But fighting Antonio Margarito — known as both the “Tijuana Tornado” and “Tornado Tony” (perhaps because the more accurate “Torrance Tornado” doesn’t have quite the same forbidding aura) — comes with very real risks. “Sugar” Shane Mosley quietly declined an invitation to take him on. Floyd Mayweather Jr., perhaps the best welterweight of the modern era, turned down one promoter’s offer of $8 million to challenge him. Margarito has “heavy hands,” an intangible term boxing commentators use to talk about the intensity of a punch. In fact, Margarito’s are the heaviest hands in the business. Everyone says so. Everyone except Cotto, who describes him as “slow on his feet.”
As the fight starts, Cotto skips sideways then steps in confidently to the much taller Margarito and fires a series of jabs. It’s clear that Cotto is the better boxer — faster, smarter and more precise in his punches. He aims a powerful right between Margarito’s gloves and lands it on his chin. Margarito steps back, momentarily stunned, and Cotto raises his glove. The Condado erupts.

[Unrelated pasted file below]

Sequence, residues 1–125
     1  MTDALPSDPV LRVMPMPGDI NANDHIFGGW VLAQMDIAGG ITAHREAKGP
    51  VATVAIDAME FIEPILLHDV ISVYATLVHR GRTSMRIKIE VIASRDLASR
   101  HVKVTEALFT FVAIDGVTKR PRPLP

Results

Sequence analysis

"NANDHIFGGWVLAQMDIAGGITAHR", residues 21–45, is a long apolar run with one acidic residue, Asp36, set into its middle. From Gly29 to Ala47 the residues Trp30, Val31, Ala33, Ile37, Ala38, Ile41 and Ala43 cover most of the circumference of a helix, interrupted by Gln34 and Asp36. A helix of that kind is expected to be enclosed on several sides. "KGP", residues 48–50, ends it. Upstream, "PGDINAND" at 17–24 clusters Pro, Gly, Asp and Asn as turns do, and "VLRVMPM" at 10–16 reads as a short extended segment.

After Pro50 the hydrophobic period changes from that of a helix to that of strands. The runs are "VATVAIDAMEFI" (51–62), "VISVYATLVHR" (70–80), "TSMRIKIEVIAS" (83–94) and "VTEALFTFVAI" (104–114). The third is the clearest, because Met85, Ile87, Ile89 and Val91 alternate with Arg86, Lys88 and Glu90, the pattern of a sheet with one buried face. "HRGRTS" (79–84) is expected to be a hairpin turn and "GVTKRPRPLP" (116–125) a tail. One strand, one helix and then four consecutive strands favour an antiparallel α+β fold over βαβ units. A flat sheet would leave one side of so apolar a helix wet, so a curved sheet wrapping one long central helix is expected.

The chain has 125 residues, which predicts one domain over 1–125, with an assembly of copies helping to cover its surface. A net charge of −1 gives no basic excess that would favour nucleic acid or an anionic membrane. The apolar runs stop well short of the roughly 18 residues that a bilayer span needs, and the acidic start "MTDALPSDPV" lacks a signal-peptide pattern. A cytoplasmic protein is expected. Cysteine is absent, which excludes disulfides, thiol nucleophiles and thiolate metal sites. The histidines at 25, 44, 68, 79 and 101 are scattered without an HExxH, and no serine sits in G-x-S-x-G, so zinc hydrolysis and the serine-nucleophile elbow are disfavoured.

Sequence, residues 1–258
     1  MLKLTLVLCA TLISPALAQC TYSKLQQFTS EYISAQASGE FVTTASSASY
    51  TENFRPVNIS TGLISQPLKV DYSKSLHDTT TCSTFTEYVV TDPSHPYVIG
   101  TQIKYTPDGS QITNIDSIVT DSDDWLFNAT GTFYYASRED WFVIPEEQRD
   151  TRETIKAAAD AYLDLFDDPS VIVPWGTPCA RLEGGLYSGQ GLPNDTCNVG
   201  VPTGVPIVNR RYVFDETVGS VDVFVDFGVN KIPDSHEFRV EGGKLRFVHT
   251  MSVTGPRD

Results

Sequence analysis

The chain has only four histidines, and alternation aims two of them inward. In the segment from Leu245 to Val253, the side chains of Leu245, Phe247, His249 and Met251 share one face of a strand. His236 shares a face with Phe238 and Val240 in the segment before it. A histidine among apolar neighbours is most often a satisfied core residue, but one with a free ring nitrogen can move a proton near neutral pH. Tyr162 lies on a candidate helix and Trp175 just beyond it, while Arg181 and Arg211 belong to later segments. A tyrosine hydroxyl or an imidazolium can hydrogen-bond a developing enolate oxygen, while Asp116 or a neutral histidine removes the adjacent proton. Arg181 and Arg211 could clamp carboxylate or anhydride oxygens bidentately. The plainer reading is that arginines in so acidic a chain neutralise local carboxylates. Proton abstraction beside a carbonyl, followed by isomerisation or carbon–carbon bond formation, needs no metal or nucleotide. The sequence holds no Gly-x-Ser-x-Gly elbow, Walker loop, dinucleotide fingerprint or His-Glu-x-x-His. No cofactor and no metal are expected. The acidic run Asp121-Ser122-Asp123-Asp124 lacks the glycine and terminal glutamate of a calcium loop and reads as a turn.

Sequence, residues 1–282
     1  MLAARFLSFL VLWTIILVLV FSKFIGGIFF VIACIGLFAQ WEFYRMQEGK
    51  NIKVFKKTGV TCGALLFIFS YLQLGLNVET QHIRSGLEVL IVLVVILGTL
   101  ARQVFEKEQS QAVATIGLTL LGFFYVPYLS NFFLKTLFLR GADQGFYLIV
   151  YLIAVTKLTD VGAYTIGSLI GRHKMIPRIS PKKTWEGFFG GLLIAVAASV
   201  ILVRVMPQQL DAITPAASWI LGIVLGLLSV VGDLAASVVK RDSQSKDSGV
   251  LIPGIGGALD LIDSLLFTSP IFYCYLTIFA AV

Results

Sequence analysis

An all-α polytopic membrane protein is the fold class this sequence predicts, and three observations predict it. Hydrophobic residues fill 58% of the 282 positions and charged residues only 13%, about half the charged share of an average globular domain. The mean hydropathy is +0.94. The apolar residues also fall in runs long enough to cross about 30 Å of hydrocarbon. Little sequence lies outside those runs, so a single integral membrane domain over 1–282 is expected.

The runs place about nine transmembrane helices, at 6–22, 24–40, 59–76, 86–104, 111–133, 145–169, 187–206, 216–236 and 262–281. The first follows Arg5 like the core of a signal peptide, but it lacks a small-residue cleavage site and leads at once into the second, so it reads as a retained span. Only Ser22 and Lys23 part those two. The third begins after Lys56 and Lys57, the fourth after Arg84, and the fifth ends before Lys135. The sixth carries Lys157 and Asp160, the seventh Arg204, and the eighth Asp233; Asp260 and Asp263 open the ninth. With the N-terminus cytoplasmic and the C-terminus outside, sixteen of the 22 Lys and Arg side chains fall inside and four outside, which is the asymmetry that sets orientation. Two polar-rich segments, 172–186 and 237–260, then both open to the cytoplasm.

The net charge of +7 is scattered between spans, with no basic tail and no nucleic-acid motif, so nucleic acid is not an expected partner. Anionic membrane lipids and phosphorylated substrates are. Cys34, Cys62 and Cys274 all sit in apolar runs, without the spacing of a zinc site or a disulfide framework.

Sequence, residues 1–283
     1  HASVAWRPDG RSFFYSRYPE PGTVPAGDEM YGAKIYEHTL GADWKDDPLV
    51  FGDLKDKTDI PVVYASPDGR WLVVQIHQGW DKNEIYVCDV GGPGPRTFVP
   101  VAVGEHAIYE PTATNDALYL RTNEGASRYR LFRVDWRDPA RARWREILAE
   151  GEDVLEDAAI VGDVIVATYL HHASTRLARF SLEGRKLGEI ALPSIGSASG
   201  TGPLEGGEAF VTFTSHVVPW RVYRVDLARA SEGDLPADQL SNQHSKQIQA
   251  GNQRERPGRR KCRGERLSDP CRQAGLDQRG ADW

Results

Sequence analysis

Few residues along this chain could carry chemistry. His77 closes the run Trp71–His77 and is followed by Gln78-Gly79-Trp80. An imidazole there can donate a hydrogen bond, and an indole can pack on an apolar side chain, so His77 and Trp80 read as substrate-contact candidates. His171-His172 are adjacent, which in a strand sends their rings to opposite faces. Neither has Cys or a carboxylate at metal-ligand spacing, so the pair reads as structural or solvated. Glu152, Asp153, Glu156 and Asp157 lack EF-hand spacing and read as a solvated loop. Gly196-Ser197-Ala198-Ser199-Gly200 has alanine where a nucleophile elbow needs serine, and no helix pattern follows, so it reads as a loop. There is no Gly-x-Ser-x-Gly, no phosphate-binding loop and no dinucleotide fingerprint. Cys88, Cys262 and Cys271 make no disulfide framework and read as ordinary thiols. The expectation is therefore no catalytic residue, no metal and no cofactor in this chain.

Ten rounds later, the shocked crowd is murmuring quietly. Even the TV announcers are stunned. Margarito is landing blow after blow to Cotto’s face and ribcage, inside jabs and savage uppercuts that take advantage of the Tornado’s height. Cotto falls to his knees. Blood from a cut over his eye dapples his face and chest. In Cotto’s corner, his trainer and uncle, Evangelista, has had enough. He throws in the towel.
It seems impossible. Miguel Cotto has never lost a pro fight. He can’t lose. Knots of friends walk along Avenida Ashford, repeating as much.
Condado is upside down. The drunks have sobered up, and the teetotalers are drinking. The now-steady traffic has the feel of a funeral procession.
In November 2007, Cotto rose to what one boxing writer called “the cusp of greatness” when he stalked Mosley for 12 rounds and won by unanimous decision.
It was a defining moment for Cotto, earning him the respect of the boxing world and showing that he’d reached a level of athleticism, strength and focus that few fighters ever find. Greatness was calling him. But after the Margarito fight, it’s redemption that he’s after.